Howard's employment with the WWF/WWE follows a timeline from when the wrestling business was moribund, through to its period of biggest mainstream success and subsequent dwindling due to lack of competition. He describes what the locker room was like under the Kliq, the pay-offs, the endless broken promises, and he attempts to clarify a few of the mistruths frequently parroted about his roughing up of enhancement talent.

Wrestler autobiographies are particularly tragic, as the subject invariably has to write chapters on friends who died way too soon as a result of their career choice and/or self-prescribing of medications. Fortunately, there are plenty of stories of ribbing the boys which balance this out somewhat.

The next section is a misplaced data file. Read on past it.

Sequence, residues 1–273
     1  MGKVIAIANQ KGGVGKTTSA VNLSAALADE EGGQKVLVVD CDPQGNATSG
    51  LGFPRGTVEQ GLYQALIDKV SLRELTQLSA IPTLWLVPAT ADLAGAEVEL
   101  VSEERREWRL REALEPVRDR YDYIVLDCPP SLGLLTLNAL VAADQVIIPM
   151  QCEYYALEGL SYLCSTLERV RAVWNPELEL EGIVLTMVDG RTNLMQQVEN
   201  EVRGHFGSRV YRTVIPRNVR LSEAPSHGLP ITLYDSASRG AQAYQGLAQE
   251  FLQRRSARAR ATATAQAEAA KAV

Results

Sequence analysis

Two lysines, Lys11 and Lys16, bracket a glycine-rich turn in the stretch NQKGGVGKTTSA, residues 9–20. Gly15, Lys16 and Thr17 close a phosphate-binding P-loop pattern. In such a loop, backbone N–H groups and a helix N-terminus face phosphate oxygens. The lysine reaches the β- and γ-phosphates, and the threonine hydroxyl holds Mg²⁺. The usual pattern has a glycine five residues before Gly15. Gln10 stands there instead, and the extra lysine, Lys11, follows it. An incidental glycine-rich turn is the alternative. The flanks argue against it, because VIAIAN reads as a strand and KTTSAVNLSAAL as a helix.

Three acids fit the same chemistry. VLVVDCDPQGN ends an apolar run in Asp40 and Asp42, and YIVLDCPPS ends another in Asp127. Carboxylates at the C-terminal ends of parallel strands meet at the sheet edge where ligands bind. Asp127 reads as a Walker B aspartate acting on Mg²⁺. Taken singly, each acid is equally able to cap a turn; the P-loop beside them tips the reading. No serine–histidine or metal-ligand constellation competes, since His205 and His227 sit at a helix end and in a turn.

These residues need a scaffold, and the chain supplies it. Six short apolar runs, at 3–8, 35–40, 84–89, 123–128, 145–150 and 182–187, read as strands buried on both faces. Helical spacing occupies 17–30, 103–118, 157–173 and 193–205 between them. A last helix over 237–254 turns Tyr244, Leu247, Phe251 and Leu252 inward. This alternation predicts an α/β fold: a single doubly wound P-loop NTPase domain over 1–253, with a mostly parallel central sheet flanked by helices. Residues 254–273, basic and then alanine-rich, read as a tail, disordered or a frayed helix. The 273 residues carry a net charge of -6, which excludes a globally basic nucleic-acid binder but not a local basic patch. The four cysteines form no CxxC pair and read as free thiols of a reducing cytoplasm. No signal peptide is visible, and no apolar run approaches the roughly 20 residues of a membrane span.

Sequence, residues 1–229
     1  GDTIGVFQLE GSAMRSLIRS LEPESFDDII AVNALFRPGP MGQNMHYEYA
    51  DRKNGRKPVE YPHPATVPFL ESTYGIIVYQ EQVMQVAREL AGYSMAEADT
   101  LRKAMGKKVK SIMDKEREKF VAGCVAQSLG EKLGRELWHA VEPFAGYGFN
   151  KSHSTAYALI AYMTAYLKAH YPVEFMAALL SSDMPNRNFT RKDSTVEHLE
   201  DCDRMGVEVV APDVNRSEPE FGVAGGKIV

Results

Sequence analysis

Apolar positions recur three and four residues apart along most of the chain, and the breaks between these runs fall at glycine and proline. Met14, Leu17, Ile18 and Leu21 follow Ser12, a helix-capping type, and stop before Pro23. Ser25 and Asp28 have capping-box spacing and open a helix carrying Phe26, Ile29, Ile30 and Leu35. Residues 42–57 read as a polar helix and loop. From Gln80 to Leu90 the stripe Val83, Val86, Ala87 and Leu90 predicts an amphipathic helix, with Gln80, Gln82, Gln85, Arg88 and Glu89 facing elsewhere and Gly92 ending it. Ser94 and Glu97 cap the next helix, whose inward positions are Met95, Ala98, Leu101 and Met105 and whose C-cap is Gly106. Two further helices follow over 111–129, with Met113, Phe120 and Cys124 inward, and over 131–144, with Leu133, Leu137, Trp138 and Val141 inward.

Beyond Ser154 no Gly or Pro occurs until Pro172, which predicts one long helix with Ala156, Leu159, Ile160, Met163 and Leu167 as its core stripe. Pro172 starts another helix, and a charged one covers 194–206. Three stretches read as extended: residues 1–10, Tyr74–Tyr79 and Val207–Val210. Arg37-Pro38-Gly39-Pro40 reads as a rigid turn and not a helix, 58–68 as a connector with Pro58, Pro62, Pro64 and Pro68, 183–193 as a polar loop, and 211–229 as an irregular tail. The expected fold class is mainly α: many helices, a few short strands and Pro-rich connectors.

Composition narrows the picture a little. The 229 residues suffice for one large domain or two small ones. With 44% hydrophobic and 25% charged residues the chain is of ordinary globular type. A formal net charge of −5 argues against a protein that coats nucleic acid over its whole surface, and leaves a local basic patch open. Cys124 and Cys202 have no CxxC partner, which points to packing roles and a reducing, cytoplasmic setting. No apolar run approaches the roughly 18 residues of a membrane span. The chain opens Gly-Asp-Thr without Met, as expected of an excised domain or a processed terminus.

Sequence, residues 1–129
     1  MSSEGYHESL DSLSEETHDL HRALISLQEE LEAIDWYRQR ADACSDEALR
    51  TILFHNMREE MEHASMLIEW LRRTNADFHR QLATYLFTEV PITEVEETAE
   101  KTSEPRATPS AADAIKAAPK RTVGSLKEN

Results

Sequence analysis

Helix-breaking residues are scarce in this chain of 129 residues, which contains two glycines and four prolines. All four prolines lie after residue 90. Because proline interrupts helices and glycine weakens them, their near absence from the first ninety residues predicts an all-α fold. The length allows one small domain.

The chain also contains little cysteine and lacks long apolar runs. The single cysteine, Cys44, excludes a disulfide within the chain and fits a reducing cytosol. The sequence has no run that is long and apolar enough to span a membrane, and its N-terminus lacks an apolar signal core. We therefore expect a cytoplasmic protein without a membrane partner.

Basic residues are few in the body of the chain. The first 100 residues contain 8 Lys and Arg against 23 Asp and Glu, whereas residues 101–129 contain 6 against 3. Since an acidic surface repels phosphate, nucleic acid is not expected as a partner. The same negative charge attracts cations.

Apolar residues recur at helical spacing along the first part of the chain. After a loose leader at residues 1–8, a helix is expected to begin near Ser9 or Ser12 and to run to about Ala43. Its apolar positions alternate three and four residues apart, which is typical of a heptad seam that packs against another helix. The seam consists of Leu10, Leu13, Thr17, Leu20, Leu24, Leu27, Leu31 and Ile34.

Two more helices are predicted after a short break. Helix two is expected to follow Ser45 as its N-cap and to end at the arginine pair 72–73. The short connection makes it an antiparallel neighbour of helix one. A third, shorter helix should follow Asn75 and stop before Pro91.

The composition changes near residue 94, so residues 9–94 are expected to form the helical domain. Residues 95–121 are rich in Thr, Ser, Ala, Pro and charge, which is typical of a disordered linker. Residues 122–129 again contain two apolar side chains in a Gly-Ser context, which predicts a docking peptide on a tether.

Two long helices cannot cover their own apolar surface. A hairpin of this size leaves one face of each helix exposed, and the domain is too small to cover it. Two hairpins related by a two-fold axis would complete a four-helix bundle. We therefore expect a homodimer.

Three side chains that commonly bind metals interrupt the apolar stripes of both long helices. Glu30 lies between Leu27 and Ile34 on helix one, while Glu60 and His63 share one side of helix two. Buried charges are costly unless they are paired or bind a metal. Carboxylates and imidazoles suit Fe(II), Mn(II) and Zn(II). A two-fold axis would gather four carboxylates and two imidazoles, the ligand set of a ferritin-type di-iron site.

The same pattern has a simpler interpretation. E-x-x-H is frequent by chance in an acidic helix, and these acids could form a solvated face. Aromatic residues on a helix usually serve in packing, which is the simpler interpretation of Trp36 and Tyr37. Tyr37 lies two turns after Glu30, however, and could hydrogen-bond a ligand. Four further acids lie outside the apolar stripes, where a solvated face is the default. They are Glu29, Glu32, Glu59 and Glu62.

Howard holds a life-long joy of fighting and evidently considers it as a measure of a man. In the carney world of professional wrestling, this attitude is upheld to this day. Being physically able to stand the gruelling schedule of life on the road whilst your physical and mental health quietly collapses and relationships crumble is perversely regarded as a badge of honour. The wrestler is a masochist: he puts his body in jeopardy for others' entertainment, works hurt because of fear of someone else taking his spot, and daren't speak up if he isn't being used properly in fear of being sacked. Frequently, in the end, the promoter has got all they can out of them (though usually not as much as they could have if they had not succumbed to political skullduggery), paid them far less than they deserved, and ignominiously releases them, in Howard's case, not even with a thank you despite 16 years of loyal service.